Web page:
NCOSE Petitions Supreme Court to Examine Sex Slavery in Nevada

Jane Doe #1 was held in debt bondage at a legal brothel in Nevada. While under the control of two different pimps, she was required to obtain a Sheriff’s work card to start prostituting at the “Chicken Ranch.” The sheriff’s office did not ask for a government ID, attempt to verify her age or consent, or attempt to determine if she was under the control of a pimp/sex trafficker.

The brothel took 50% of what Jane Doe #1 earned, and charged her for room and board, transportation, and monthly medical exams. The rest of Jane Doe’s money went to her two pimps/traffickers. She was not permitted to leave if she owed the brothel money. Now, she suffers from PTSD.

Jane Doe #1 is one of three survivor plaintiffs in NCOSE’s first ever petition for certiorari to the Supreme Court (i.e. asking the Supreme Court to review the decision of a lower court). Although each plaintiff’s experience was different, they collectively attribute their exploitation to Nevada’s system of legalized prostitution.

The NCOSE Law Center and co-counsel Jason Guinasso represented these three women as they sued the Nevada brothel, escort agency, and strip clubs that sex trafficked them, along with the government entities that enabled, incentivized, and profited from their exploitation.

Nevada government entities require persons in the sex trade to be controlled by a licensed business (i.e., a pimp), permit them to be subjected to debt bondage in legal brothels and strip clubs, and profit from the sex trafficking that results through licensing fees and taxes—including a state tax on escort agencies and strip clubs. 

NCOSE Senior Legal Counsel Christen Price, Esq. and NCOSE Legal Counsel Tori Hirsch

NCOSE’s First Petition for Certiorari to the Supreme Court: What Does It Mean?

A petition for a writ of certiorari asks the US Supreme Court to review the decision of a lower court. In this case, the survivor-plaintiffs, the NCOSE Law Center, and co-counsel Jason Guinasso are asking the Supreme Court to review the disappointing Ninth Circuit ruling below.

The Ninth Circuit affirmed the district court’s dismissal of the government entities from the case, ruling that any direct trafficker’s involvement in the exploitation broke the causal chain between the state and the survivors. This ruling effectively makes it impossible to ever sue indirect facilitators or beneficiaries of sex trafficking—in adult sex trafficking cases, there will always be a direct trafficker present. Our petition argues that this frustrates Congress’ intent in the Trafficking Victims Protection Act (TVPA), as it undermines the very concept of beneficiary liability—which is meant to include enablers, not just direct perpetrators.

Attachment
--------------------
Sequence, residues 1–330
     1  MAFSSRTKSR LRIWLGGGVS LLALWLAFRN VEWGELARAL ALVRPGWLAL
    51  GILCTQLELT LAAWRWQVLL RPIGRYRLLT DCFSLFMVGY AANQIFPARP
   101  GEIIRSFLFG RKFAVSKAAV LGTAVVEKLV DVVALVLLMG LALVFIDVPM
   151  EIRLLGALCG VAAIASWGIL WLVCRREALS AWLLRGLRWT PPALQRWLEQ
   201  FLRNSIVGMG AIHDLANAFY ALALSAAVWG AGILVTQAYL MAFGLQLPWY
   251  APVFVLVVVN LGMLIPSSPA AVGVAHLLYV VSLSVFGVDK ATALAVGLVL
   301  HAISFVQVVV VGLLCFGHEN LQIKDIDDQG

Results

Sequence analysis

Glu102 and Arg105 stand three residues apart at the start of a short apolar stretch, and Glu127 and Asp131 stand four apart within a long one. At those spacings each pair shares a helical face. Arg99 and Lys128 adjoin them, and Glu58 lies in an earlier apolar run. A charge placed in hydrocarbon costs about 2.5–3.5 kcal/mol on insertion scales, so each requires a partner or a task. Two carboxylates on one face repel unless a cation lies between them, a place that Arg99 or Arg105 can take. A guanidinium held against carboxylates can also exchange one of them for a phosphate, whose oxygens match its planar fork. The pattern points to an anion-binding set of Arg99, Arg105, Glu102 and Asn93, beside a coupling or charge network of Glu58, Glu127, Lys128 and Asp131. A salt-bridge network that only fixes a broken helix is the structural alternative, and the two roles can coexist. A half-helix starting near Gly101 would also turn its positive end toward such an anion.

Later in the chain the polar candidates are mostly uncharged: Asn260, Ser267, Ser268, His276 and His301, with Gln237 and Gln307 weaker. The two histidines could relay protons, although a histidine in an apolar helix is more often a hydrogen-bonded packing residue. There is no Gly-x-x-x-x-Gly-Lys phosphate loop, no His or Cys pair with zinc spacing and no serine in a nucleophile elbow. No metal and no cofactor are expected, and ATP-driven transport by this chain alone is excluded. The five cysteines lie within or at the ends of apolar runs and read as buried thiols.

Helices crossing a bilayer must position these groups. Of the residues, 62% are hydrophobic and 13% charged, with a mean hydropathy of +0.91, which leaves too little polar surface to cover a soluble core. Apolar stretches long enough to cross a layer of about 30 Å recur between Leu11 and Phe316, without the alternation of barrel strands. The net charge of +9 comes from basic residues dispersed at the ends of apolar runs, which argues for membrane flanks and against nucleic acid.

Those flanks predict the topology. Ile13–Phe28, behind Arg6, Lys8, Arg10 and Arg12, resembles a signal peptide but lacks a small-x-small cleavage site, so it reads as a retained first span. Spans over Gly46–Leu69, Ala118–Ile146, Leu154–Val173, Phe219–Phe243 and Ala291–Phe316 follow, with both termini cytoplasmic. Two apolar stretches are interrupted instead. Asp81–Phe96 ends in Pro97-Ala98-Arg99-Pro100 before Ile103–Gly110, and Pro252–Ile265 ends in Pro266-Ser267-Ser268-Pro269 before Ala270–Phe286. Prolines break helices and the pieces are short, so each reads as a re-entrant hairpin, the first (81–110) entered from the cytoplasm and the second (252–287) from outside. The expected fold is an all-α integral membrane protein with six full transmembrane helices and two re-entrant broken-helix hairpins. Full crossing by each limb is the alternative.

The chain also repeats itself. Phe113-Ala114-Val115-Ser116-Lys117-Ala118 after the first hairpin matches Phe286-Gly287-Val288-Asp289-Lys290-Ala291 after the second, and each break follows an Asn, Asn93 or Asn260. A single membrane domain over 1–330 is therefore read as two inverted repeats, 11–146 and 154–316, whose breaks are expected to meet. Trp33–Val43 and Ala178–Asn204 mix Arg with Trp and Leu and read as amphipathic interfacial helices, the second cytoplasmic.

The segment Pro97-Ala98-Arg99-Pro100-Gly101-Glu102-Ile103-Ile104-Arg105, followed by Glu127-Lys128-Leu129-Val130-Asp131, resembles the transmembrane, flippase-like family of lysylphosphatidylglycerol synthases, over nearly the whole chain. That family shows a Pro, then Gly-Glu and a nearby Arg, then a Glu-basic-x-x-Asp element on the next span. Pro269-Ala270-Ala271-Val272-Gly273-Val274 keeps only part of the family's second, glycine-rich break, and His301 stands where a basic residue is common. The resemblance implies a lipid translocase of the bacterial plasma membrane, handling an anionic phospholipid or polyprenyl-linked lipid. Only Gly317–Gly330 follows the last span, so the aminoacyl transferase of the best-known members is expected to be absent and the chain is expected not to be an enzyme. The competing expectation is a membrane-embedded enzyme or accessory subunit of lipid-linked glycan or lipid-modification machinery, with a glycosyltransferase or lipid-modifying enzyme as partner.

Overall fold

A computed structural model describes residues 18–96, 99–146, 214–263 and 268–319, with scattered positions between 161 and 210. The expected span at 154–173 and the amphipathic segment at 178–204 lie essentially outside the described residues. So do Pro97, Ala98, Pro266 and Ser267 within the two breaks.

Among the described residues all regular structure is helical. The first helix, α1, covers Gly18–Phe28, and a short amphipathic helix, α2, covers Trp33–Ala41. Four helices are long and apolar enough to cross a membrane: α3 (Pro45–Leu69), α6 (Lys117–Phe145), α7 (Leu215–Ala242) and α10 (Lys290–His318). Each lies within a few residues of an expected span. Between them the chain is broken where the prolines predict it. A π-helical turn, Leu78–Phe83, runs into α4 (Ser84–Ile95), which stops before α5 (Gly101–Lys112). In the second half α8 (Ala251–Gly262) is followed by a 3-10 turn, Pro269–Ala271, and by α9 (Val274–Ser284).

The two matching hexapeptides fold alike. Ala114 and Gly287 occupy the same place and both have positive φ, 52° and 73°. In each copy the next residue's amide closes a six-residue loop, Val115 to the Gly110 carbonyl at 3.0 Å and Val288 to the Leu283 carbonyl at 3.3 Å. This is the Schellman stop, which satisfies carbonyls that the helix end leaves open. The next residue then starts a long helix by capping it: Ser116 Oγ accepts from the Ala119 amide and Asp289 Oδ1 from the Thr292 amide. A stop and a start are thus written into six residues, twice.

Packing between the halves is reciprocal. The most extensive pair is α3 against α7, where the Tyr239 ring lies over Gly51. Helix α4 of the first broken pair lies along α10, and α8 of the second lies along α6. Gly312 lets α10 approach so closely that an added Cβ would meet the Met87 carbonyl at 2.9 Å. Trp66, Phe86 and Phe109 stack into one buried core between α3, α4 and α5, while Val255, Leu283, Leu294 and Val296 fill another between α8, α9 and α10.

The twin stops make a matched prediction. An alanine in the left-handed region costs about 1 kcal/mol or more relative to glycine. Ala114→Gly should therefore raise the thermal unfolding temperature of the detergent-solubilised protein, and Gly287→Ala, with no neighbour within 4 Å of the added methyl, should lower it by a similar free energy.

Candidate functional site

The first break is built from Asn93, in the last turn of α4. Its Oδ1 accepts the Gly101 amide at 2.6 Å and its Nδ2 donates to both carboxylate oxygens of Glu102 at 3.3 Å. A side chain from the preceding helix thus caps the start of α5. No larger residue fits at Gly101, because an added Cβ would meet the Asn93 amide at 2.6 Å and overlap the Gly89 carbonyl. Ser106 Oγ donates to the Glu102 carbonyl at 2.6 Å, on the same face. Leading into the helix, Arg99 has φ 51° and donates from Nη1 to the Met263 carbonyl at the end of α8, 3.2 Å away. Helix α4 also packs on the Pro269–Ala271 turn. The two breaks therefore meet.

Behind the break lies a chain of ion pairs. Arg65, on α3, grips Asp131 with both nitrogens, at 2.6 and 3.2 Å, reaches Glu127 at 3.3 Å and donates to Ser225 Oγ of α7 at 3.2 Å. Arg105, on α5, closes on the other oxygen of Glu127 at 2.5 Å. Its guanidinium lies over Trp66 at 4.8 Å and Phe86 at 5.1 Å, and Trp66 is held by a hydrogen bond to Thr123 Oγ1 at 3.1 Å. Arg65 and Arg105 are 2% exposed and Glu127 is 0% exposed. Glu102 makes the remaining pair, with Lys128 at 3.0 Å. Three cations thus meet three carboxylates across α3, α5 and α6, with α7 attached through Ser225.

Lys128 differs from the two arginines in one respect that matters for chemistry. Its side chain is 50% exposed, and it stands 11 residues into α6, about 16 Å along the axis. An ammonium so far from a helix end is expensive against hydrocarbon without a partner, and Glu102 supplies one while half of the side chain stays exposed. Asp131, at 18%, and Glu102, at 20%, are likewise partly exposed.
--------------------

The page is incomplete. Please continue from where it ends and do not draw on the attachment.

According to 18 U.S. Code § 1595(a), “An individual who is a victim of a violation of this chapter may bring civil action against the perpetrator (or whoever knowingly benefits, or attempts or conspires to benefit, financially or by receiving anything of value from participation in a venture which that person knew or should have known has engaged in an act in violation of this chapter) in an appropriate district court of the United States and may recover damages and reasonable attorney’s fees.”

The plaintiffs and the NCOSE Law Center argue that the Ninth Circuit’s blocking Nevada from even the possibility of accountability contradicts a federal statutory right, created by Congress to vindicate a constitutional right, for victims of sex trafficking. The Ninth Circuit’s ruling would make profiting from sex trafficking almost non-actionable, and it would nullify beneficiary liability that is explicitly mentioned in 18 U.S. Code § 1595(a).

Beneficiary liability is being used nationwide in litigation against corporations. Why shouldn’t the same rules apply to our government officials?

The filing of this certiorari petition is a major step forward in legal efforts to hold government officials and other indirect facilitators and beneficiaries of sex trafficking accountable. The decisions of the lower courts are dangerous because they provided protection for the legal systems that have enabled sex trafficking and slavery, and send exactly the wrong message to those who are particularly charged with preventing these human rights abuses.

ACTION: Donate to the NCOSE Law Center

As all our survivor clients remain free of charge, your support is a big part of what makes lawsuits like these possible. Please consider a donation today, to help the NCOSE Law Center continue fighting for justice for survivors like the three women represented in this case!

The Numbers


NCOSE leads the Coalition to End Sexual Exploitation with over 300 member organizations.


The National Center on Sexual Exploitation has had over 100 policy victories since 2010. Each victory promotes human dignity above exploitation.


NCOSE’s activism campaigns and victories have made headlines around the globe. Averaging 93 mentions per week by media outlets and shows such as Today, CNN, The New York Times, BBC News, USA Today, Fox News and more.

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